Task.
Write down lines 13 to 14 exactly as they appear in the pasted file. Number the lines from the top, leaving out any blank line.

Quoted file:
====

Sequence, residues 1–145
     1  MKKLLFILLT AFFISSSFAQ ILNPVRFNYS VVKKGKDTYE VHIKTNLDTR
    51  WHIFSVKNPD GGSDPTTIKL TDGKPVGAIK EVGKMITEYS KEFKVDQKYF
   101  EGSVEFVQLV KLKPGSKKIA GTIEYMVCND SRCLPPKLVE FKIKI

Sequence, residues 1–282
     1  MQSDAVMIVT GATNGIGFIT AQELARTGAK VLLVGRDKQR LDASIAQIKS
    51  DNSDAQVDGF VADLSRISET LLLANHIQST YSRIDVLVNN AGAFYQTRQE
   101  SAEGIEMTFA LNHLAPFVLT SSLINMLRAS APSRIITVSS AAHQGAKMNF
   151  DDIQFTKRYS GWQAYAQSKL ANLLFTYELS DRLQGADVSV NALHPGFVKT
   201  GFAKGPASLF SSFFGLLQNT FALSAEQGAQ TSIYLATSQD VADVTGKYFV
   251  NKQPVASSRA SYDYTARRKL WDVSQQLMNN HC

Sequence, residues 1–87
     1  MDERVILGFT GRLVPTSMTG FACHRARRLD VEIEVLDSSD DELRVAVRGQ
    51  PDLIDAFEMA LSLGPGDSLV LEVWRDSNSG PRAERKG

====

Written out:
     1  MDERVILGFT GRLVPTSMTG FACHRARRLD VEIEVLDSSD DELRVAVRGQ
    51  PDLIDAFEMA LSLGPGDSLV LEVWRDSNSG PRAERKG